Dietitians are essential to ensuring that nutrition is delivered in the safest and most effective way for each patient.

Read more to find out the importance of dietitians in critical care.
Helping people get back on their feet
Dietitians have an important role to play in rehabilitation, reducing risk of complications and shortening recovery times. Patients who have had COVID-19 and been hospitalised will be at increased risk of malnutrition and will likely have lost muscle during their stay as highlighted in this UK news segment on the recovery process of COVID-19.

Dietitians can recommend nutrient rich, fortified foods or specialist nutrition supplements to help people regain weight and muscle. This will often involve direct community support and close liaison with other health professions who are supporting rehabilitation.

Find out more about the role of dietitians in the recovery process.
Supporting vulnerable people with technology
People with pre-existing health conditions, such as malnutrition, cancer, obesity, diabetes, food allergies and eating disorders require support.

Dietitians support some of the more vulnerable population groups in a community and these patients still need help even during COVID-19 lockdown through food education programs, identifying incidences of social isolation and assisting local authorities with food supply.

Dietitians are using technology to great effect, including video conferencing and specialist apps to provide consultations and support to patients who need them.

Dietitians continue to work with specialist third sector organisations to provide vital remote support wherever possible to continue to support those with conditions such as eating disorders.

Learn more about what dietitians are doing to support the vulnerable.
Supporting Public Health

In the wake of the COVID-19 pandemic the World Health Organization emphasised the importance of appropriate diet and lifestyle measures, including adequate nutrition, for the normal function of the immune system. Poor nutrition, due to either insufficient dietary intake of key nutrients, excessive energy intake or a poor overall diet quality, can compromise immune function and increase overall infection risk.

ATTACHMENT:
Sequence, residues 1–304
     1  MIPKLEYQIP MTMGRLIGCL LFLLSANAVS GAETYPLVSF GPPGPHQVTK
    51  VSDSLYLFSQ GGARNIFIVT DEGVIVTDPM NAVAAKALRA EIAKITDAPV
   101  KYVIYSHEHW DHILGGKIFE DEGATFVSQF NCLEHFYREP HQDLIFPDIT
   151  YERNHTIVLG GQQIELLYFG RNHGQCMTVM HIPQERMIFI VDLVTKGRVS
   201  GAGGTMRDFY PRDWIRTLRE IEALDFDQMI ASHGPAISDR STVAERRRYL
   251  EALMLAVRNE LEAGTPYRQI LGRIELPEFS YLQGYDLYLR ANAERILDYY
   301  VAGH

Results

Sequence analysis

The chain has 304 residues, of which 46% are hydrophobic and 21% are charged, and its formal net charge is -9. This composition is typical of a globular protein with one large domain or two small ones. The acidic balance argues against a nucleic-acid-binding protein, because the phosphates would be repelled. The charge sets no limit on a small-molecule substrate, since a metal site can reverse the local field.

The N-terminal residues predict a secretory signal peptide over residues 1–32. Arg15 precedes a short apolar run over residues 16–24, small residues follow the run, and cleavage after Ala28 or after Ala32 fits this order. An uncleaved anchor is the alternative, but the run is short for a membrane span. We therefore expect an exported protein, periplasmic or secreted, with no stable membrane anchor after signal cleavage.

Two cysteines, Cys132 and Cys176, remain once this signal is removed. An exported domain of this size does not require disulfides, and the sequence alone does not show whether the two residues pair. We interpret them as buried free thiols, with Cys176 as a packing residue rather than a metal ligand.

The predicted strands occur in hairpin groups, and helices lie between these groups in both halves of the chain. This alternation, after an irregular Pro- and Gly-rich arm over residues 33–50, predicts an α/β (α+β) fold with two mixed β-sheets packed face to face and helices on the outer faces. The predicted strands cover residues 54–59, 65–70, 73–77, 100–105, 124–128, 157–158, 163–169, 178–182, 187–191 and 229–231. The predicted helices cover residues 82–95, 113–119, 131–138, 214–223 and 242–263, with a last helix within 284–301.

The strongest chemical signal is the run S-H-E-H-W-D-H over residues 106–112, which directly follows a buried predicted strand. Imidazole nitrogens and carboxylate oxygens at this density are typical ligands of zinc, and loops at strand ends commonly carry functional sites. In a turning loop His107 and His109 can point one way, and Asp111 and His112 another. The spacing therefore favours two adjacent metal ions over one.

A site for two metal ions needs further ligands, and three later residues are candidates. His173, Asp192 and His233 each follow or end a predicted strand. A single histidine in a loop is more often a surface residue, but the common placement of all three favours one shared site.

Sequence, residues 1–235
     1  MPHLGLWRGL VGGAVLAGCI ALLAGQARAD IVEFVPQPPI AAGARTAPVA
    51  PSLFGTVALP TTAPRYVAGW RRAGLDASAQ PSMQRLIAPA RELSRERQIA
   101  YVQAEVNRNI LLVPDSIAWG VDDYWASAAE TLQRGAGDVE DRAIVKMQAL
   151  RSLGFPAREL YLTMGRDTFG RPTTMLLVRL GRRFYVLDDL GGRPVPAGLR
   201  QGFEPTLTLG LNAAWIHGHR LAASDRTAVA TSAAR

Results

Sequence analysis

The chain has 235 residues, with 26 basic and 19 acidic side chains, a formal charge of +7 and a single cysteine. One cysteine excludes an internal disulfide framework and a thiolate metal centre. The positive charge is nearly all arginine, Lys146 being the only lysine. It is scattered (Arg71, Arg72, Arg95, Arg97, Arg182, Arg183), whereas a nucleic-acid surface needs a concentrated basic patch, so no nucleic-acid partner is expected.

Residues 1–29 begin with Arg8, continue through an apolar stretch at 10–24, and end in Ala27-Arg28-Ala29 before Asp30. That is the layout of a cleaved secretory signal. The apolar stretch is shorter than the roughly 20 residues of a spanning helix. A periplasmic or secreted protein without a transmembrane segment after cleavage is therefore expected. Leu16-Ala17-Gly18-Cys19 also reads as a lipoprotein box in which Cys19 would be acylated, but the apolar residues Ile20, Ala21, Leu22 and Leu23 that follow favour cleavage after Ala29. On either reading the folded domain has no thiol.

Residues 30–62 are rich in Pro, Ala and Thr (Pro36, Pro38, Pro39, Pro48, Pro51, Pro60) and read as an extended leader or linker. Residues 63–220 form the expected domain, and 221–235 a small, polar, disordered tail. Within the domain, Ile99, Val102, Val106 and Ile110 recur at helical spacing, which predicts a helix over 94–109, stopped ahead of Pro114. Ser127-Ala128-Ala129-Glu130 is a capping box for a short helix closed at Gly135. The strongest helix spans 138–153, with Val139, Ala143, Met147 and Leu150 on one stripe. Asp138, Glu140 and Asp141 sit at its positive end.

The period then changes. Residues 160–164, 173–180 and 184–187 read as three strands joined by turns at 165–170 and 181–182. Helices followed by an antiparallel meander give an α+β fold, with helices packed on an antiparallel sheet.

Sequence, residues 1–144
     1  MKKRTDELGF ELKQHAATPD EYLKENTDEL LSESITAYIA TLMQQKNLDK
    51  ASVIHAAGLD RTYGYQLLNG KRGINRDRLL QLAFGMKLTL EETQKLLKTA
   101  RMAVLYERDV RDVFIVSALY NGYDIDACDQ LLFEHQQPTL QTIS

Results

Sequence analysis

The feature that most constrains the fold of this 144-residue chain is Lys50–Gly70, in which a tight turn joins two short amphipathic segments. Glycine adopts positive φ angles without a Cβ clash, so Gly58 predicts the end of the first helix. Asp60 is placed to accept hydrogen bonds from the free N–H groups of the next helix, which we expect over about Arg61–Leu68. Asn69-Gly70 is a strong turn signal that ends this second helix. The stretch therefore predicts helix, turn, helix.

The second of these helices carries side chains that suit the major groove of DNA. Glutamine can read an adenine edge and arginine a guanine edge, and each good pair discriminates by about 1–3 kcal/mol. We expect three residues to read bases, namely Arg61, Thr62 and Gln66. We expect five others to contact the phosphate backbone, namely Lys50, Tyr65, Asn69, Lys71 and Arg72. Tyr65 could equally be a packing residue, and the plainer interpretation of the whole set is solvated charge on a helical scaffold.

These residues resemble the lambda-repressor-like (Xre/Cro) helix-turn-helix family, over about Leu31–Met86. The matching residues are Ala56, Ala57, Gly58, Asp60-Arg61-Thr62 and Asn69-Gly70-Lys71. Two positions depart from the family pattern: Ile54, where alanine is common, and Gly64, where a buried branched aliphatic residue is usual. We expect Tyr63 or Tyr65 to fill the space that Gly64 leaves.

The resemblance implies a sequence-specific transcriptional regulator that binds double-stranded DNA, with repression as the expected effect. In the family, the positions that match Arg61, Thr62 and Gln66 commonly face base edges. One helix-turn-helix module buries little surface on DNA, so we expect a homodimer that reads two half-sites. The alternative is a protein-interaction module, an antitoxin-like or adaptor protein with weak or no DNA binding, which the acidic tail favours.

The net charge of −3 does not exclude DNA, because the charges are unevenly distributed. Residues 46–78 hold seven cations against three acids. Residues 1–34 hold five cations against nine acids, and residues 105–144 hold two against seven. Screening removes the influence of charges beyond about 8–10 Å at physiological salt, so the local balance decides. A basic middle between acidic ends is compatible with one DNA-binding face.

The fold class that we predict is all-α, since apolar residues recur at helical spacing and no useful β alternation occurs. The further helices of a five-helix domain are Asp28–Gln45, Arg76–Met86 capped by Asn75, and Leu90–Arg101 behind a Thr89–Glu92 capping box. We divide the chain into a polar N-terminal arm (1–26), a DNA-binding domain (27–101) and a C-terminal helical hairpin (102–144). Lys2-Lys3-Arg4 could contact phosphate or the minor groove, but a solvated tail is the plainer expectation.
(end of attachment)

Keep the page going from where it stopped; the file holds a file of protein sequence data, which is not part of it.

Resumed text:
For the many people that are not dealing with COVID-19 or existing health conditions, lockdown presents many challenges. Accessing and/or maintaining a healthy diet and getting sufficient exercise during this time is more difficult and early evidence indicates people of all ages are eating less healthily. That is why it is so important that public health dietitians continue to provide helpful information and guidance to the public to help them make best use of the food they can access, by promoting healthy and sustainable choices.

Find out more about the role of dietitians in Public Health during in the COVID-19 pandemic. 
Tackling harmful myths
As many people struggle to understand the COVID-19 pandemic and seek out solutions or comfort online, there have been some people willing to exploit that and share unhelpful and unevidenced “cures” and solutions. This has ranged from the downright ridiculous to the dangerously believable.

It was estimated that in one week over half of UK adults were exposed to misinformation about COVID-19 online.

Dietitians have an important role to play in busting these myths, both on social media and more conventional press and TV.
Call to Action
Everyone should continue to follow WHO and Government advice such as remaining at home and social distancing, alongside meticulous hand-hygiene.

Diet and lifestyle measures are not a substitute for current public health advice, but we hope that this briefing will help dietitians, health professionals, health caterers, policymakers and members of the public to optimise nutrition for everyone.

Read our briefing paper in full to find out more.